Yu Zhiding's portrait of Nalan Xingde
|Born||Nalan Chengde (納蘭成德)|
January 19, 1655
|Died||July 1, 1685 (aged 30)|
|Occupation||Poet, Imperial Guard|
|Language||Mandarin Chinese, Manchu language|
|Period||Early Qing dynasty|
|Notable works||Drinking Water poem (飲水詞)|
|Spouse||Lu (盧氏; c. 1674~1677)|
Yan (顏氏; concubine)
Shen Wan (沈宛, concubine)
|Children||3 sons and several daughters|
Nalan Xingde (simplified Chinese: 纳兰性德; traditional Chinese: 納蘭性德; Wade–Giles: Na-lan Hsing-te; January 19, 1655 – July 1, 1685), Manchu name Nara Singde, courtesy name Rongruo (容若), was a Qing dynasty Chinese poet, famous for his ci poetry. He was born Nalan Chengde (納蘭成德), but had to change his name when the Kangxi Emperor named Yunreng his crown prince. The character cheng (成) became taboo because it was phonetic part of Yunreng's birth name.
Born in Beijing in January 1655, Nalan Xingde came from a powerful Manchu family that not only belonged to the Plain Yellow Banner of the Eight Banners, but was also related to royalty. His father Mingju, who became Grand Secretary in 1677, was second cousin to the Shunzhi Emperor, and his mother was the fifth daughter of Ajige, Prince Ying of the First Rank, and thus first cousin to the Shunzhi Emperor. Xingde's genealogical origins could have been Mongolian, however, since his clan was originally a tribe of the Mongol Yehe who defeated the Manchu Nara tribe and adopted their name.
By nineteen, he was already enjoying a literary reputation. However, success at the national civil service examination eluded him until 1676, when he obtained the Chin-shih Degree. In contrast to the more common practice of naming a chin-shih a bureaucrat/official, the Kangxi Emperor gave Xingde a military position as a junior grade officer in the Imperial Bodyguard (三等侍衛).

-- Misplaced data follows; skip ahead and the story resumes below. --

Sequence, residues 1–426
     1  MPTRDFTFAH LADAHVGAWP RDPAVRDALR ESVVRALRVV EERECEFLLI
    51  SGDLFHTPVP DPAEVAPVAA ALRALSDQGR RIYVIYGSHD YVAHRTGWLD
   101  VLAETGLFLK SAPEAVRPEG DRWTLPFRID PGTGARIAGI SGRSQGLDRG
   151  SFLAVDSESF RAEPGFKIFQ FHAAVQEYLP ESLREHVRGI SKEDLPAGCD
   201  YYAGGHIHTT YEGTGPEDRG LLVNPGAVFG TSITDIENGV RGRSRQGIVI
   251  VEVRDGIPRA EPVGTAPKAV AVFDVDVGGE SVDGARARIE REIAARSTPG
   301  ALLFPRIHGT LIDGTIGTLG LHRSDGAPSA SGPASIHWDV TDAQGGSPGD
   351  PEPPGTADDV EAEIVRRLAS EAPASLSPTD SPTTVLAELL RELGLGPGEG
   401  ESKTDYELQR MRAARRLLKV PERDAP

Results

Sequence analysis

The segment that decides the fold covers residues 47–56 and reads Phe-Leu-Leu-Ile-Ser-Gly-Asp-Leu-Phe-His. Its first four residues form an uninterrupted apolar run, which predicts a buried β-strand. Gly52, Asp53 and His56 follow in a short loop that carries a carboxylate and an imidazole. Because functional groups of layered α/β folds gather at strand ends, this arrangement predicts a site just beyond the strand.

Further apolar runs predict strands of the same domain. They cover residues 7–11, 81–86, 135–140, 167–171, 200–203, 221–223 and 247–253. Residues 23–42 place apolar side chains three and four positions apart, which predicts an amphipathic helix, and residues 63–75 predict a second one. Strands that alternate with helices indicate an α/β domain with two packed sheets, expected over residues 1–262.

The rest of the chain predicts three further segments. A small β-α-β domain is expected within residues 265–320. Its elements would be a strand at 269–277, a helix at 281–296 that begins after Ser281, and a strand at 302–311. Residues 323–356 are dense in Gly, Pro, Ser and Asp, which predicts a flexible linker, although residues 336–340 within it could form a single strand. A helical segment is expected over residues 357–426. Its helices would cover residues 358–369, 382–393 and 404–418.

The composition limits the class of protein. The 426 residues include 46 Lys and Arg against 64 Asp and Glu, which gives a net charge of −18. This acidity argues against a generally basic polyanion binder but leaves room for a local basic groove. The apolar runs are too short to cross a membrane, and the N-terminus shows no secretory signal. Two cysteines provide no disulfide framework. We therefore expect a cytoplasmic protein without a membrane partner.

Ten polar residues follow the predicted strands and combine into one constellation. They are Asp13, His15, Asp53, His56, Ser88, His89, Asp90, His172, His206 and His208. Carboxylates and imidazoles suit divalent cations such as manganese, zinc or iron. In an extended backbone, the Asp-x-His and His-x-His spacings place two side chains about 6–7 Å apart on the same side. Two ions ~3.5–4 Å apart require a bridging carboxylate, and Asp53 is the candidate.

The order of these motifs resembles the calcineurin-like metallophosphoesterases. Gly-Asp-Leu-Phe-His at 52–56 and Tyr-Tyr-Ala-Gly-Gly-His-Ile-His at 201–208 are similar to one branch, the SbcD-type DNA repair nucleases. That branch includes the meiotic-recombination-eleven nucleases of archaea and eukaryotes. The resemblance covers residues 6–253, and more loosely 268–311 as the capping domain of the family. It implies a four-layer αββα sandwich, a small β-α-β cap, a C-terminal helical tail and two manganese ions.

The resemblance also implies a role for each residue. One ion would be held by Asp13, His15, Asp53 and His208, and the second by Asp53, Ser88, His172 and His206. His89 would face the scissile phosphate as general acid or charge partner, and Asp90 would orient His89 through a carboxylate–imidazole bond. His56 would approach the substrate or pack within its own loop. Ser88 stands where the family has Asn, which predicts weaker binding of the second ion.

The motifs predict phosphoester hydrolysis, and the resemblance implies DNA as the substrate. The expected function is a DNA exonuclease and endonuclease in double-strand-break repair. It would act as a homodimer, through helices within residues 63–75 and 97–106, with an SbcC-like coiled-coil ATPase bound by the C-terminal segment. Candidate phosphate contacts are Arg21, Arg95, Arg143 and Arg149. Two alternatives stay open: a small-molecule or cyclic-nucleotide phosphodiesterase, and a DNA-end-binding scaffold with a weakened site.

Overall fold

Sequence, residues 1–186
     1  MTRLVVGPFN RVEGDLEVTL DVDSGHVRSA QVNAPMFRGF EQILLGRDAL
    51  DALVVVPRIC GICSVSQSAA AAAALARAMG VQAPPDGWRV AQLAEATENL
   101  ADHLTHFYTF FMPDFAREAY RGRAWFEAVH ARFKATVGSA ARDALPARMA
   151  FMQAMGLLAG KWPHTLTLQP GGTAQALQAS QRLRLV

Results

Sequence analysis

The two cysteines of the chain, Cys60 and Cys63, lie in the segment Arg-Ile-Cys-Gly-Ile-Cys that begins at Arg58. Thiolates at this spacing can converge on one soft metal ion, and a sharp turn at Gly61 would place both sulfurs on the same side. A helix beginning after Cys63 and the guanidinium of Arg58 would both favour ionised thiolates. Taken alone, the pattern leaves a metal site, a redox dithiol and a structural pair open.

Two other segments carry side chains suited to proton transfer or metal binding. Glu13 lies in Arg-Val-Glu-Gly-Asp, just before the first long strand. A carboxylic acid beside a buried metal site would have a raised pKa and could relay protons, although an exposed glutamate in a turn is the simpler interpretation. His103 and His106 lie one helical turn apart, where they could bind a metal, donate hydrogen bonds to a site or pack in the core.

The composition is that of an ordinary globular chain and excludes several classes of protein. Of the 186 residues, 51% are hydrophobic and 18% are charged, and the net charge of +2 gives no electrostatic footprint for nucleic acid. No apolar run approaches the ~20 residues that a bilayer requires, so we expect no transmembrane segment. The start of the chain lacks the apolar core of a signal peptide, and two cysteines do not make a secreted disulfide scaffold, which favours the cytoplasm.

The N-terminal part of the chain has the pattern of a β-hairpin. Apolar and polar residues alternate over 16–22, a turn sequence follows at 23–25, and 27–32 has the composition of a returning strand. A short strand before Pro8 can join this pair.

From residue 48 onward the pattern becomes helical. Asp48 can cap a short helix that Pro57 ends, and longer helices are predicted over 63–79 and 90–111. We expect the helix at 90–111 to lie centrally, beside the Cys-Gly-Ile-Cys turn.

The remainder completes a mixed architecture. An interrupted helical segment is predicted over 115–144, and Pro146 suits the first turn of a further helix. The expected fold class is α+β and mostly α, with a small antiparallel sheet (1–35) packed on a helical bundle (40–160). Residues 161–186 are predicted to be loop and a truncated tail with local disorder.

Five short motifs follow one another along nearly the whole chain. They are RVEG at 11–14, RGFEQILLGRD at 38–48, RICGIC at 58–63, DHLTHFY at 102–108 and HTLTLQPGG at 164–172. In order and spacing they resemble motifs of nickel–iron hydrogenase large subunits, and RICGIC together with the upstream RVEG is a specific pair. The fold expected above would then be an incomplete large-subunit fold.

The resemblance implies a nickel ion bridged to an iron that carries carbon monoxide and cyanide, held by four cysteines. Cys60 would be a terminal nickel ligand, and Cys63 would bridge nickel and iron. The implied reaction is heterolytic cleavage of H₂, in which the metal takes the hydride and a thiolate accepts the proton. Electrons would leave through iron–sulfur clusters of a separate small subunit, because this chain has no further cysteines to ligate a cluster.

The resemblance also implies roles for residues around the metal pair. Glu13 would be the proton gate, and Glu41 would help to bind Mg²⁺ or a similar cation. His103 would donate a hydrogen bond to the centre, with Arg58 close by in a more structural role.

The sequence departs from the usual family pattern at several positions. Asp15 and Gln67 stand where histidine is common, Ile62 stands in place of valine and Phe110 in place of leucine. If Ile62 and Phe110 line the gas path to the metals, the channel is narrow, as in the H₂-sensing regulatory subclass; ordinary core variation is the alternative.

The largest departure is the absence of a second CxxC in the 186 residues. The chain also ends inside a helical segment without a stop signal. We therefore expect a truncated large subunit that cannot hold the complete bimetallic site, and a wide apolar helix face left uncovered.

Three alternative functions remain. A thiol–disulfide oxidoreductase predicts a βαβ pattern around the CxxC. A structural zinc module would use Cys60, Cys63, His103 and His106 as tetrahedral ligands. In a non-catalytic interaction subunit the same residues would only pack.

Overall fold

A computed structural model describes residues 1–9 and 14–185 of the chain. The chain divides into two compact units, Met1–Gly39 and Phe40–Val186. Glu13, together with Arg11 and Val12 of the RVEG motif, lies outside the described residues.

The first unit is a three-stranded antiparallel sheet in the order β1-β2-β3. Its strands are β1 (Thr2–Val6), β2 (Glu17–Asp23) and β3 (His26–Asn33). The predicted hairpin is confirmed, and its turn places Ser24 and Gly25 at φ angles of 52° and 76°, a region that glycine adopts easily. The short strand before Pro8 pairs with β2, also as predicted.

Xingde became a close associate of the emperor, perhaps due to their similar ages, and often accompanied the emperor on royal tours of inspection. Later, Xingde was promoted to a higher position (一等侍衛). He was sent on a tour of the northern border to assess the damage caused by the Russian border raids and skirmishes.
He died at the age of 30, due to an unspecified illness.
When he was 19, he married the daughter of Lu Xingzu (盧興祖), who was the Viceroy of Guangdong. Three years into the marriage, his wife died in childbirth. He later took a concubine whose family name was Yan (顏) and eventually married a woman whose family name was Guan (官). At thirty, he took another concubine, Shen Wan (沈宛), who was a poet of some standing herself. He had at least three sons and several daughters.
Nalan was born with great talent in literature. Though his supernormal background has paved the way for his political career, it also controlled his freedom. So in Nalan's mind, he is tired of his position, freedom is the pursuit of his life. Coming from a rich family, Nalan does not value the material comforts, literature is his favorite. His dear wife's death made him painful and pessimistic, and intensified his eagerness to get close to nature.
In fiction and popular culture
- Bruce Carpenter, 'Drinking Water; Lyric Songs of the Seventeenth Century Manchu Poet Na-lan Hsing-te' Bulletin of Tezukayama University (Tezukayama daigaku kiyo), Nara, Japan, 1983, no. 20, pp. 100–137.
- Martin Gimm, ‘Nalan Xingde (1655-1685). Zwanzig Gedichte‘, in: Hefte für Ostasiatische Literatur, 25, 1999, 45-53.
|Wikiquote has quotations related to: Nalan Xingde|